the input layer, the hidden layer and the output layer
are in the form of full connection. CNN is widely used
in various scenarios such as image processing, text
processing and speech recognition. It contains the
convolutional layer, the pooling layer and the fully
connected layer. The convolutional layer is used for
extracting features, and the pooling layer can speed
up calculation and prevent overfitting. In addition,
shared weights and biases refer to the sharing of
weight parameters in the process of convolution and
pooling, which makes the model easier to optimize.
In summary, the main idea of CNN is to learn the spa-
tial hierarchies of features through backpropagation
by using multiple building blocks. RNN is suitable for
processing time series data, this model adds a hidden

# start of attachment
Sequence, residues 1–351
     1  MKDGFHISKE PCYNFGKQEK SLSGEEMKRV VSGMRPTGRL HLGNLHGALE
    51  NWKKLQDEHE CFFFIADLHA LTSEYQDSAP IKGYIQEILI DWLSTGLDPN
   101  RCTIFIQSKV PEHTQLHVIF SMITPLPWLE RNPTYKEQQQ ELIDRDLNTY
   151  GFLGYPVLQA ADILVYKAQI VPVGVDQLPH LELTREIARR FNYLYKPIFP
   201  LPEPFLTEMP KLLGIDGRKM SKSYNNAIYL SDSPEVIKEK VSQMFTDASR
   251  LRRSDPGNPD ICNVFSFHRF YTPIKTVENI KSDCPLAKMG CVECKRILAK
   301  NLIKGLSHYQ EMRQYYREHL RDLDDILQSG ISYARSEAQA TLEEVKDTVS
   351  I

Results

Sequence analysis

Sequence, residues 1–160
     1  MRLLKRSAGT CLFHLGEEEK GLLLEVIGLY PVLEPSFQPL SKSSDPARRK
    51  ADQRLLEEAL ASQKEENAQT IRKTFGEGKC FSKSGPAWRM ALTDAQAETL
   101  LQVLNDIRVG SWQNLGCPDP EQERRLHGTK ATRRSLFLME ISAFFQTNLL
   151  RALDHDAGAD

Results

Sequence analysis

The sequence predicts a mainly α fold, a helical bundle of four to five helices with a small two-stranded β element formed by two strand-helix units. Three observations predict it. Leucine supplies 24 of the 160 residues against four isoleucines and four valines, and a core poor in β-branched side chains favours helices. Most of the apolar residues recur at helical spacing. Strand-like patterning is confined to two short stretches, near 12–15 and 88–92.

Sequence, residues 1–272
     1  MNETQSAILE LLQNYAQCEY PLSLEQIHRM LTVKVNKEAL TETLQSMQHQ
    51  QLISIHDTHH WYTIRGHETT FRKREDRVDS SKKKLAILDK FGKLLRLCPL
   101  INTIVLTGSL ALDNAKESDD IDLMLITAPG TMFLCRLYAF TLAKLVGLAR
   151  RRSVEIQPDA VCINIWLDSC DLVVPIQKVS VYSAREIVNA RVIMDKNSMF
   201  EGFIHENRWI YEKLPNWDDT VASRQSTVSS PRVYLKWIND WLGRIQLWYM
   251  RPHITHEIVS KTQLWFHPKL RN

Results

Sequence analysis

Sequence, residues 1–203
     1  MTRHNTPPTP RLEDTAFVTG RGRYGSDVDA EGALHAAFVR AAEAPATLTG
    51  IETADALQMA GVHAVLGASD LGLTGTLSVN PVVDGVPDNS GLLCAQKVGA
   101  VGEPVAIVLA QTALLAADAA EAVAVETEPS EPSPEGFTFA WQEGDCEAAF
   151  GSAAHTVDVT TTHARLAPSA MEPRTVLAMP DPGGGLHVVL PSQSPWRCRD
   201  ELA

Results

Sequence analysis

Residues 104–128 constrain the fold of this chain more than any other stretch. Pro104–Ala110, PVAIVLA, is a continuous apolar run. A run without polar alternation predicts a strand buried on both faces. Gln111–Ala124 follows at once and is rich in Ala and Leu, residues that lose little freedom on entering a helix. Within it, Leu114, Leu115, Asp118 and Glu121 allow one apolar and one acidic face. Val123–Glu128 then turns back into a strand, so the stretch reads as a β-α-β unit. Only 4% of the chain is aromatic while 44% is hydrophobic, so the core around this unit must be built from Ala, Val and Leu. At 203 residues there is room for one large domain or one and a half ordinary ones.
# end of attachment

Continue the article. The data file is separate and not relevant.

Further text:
state for recording historical information, and the ac-
tivation function uses Tanh to prevent the value from
changing too severely. LSTM includes forget gate, in-
put gate, output gate and the memory cell. The forget
gate refers to the information that needs to be forgot-
ten, the input gate refers to the information that needs
to flow into the memory cell, and the output gate re-
fers to the information that needs to flow into the hid-
den state. Memory cells are used to remember histor-
ical information. And the reason why the combination
of CNN and other deep learning models can usually
achieve better accuracy is that CNN has performed
feature extraction on the data in advance. Alakus et al.
used the blood test dataset including 600 patients
from Hospital Israelita Albert Einstein at Sao Paulo
Brazil, and selected 18 features for model training and